A WINDY GOODBYE
A WINDY GOODBYE
By Janus Blume
© July 5, 2018
We were saying goodbye to the remains of four individuals that day, three humans and a cat.
Robert’s mother, Catherine, whose presentation was that of a cross between a down-to-earth girl from Oklahoma and a grand dame. She was the sort of person the world would have been privileged to know if Jeff Foxworthy and Jackie Kennedy Onassis had a daughter together.
I know that’s just wrong on so many levels, generationally, culturally, every way you can think of. But if it were possible, and if you could imagine it, then you would have a pretty good idea of who Catherine Blume was without having met her. I adored her.
We also had with us the ashes of Robert’s sister, Gretchen.
Dear Gretchen was a woman of movie-star beauty whose journey through this valley of tears was saddened by schizoaffective disorder. Sometimes she would pretend that she didn’t believe she was pregnant, but she did, anyway. Always.
The term “immaculate conception” refers to the doctrine that God removed the sin from the human act of reproduction when the Virgin Mary was conceived, but many people mistakenly refer to it as the way Mary was impregnated by God. Gretchen sometimes used that phrase to describe what she believed to be her condition. She thought that she was carrying a child conceived without the help of a man.
The third person whose remains we carried aboard that day was Michael. His friendship with Robert dated back almost as far as the summer of love. We stuck by Michael when he declared himself transgendered, named herself, Deni, and started sporting shaved legs and high heels. We stuck by her when he got divorced. She went through months of therapy. Thankfully, his/her transgender needs were graciously accommodated by her employer, the U.S. Postal Service, and she was ready for surgical gender reassignment. Then he realized that he was a man, after all. Our friendship never wavered.
The cat was named Betty. We knew that because of the tag on the box of ashes. Catherine had four cats toward the end of her life. None were properly box trained, and it made your eyes water to go into the house.
Betty’s death was accounted for. She got sick and had to be put to sleep at the vet’s. She was a sweet kitty. The other three mysteriously disappeared after Catherine’s caregiver tried to talk us into taking them and failed.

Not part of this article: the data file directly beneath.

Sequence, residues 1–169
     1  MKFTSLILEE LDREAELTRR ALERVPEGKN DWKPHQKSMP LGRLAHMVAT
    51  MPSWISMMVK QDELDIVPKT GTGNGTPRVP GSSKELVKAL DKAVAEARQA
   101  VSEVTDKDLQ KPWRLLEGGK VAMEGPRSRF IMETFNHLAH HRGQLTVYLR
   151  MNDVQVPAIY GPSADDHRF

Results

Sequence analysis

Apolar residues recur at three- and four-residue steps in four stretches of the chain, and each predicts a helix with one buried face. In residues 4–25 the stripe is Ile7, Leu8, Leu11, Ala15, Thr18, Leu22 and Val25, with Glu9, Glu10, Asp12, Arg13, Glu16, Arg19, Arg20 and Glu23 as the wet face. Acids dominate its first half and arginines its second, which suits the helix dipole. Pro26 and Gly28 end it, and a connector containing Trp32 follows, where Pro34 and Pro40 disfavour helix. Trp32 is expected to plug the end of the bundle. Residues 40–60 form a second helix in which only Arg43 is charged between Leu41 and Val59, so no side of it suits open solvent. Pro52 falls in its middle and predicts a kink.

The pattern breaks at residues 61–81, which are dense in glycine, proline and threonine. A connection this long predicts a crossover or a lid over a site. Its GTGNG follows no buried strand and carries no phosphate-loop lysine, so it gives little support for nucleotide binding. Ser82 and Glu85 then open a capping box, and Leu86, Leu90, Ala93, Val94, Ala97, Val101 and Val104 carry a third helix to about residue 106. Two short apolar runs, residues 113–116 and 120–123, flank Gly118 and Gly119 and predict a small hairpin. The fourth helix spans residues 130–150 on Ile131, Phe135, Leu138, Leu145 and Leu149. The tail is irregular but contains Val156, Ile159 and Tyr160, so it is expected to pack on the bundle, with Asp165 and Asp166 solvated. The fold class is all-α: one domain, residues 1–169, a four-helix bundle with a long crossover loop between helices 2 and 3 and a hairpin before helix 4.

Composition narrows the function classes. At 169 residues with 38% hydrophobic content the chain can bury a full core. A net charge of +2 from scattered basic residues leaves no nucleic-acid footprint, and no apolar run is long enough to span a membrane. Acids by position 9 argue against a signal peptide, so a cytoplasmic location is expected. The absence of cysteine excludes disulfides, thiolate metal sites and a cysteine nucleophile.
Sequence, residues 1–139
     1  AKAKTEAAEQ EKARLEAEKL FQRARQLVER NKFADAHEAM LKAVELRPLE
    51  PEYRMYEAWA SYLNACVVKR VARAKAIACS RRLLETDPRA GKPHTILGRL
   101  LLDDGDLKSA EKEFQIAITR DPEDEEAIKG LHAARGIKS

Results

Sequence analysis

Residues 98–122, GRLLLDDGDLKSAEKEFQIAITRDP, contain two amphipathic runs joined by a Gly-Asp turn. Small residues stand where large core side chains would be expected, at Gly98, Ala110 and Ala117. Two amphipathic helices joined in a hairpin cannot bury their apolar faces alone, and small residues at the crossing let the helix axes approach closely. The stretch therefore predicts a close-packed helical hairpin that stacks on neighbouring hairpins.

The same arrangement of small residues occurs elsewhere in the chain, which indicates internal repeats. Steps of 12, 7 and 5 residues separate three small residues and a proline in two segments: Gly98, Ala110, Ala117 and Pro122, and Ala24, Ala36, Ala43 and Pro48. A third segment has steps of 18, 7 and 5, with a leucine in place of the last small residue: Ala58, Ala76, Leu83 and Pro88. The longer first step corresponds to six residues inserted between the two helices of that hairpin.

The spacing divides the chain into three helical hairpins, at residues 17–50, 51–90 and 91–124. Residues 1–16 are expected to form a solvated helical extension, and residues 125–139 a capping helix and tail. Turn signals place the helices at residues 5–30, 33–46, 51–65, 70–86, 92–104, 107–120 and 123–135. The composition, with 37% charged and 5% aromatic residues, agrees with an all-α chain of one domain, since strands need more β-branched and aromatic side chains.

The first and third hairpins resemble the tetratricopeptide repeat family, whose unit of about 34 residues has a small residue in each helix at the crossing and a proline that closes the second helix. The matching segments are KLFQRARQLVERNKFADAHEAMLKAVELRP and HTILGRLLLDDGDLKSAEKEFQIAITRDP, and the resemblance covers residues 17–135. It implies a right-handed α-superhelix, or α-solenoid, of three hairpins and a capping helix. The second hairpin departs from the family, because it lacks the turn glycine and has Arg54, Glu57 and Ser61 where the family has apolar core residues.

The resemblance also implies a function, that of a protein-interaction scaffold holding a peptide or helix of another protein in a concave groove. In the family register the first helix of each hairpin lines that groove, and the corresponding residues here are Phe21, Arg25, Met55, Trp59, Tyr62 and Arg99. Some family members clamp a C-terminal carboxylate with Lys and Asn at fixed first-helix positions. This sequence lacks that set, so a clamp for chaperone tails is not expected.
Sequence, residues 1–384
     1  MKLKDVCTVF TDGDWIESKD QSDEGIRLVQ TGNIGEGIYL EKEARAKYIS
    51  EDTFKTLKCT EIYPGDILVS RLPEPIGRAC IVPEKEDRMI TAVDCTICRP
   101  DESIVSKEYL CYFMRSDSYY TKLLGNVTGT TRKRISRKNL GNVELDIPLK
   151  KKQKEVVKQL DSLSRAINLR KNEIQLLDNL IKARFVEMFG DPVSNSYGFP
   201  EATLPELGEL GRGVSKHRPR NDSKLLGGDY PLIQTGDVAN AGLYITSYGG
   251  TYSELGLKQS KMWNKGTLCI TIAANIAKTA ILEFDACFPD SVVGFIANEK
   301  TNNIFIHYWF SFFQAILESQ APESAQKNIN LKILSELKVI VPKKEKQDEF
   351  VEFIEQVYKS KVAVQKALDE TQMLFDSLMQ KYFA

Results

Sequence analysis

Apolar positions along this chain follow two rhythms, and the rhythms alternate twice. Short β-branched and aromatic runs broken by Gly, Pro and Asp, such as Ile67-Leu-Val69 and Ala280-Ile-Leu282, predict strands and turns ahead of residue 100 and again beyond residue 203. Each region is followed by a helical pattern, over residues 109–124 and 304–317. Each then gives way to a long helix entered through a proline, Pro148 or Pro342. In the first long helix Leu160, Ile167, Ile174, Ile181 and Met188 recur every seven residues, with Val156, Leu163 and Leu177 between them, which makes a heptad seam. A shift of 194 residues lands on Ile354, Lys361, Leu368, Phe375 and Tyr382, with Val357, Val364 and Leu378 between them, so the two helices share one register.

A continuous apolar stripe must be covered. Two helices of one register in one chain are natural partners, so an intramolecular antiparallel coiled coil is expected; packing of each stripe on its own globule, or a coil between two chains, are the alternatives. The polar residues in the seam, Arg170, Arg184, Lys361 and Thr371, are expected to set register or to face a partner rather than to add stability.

The day turned dramatic as the wind rose, the seas tossed the little ship we were on so hard the coffee carafe broke and the first mate had to take all of the bottles off of the bar. Any plans for words or songs spoken over our beloved departed were abandoned, as we sat on chairs at the back of the ship, holding on for dear life.
Later, the ship was boarded by a pair of overly friendly Harbor Patrol police who were simply making sure that all vessels were properly registered. The captain, also being overly friendly, produced the required documents, only to realize that the paperwork had recently expired.
The officers were very curious about our relationship to the ship’s captain. It wasn’t licensed for charter, and arrangements were made through a mutual friend. It appears that the slips of only certain ports in San Diego harbor are authorized to issue charter permits, and there are long wait lists and expensive rents for those places.
I kept my mouth shut and smiled. There was no way to deny that it was exciting. I have never before been on a vessel that was boarded by harbor police, and I don’t expect that it will happen again. A once in a lifetime experience.
I’m one of those people who always has to wonder what’s behind it whenever there’s commotion and drama in my life. We were engaged in the simple act of respectfully returning the earthly remains of these individuals to the elements.
Maybe one of them was incomplete, didn’t want to go back. It could have been Gretchen. Did she feel bound to a lifetime of waiting for a child who would never be born? It was probably just a windy day.
Where do we come from and where do we go? It’s all so mysterious. People all over the place pretend to have the answers. I sense that we’re part of something bigger than the roles we act out in a lifetime on this planet.
May Catherine, Michael, Gretchen, and Betty the Cat rest in peace. If we’re playing a cosmic game of peek-a-boo as I suspect, then in love may they return.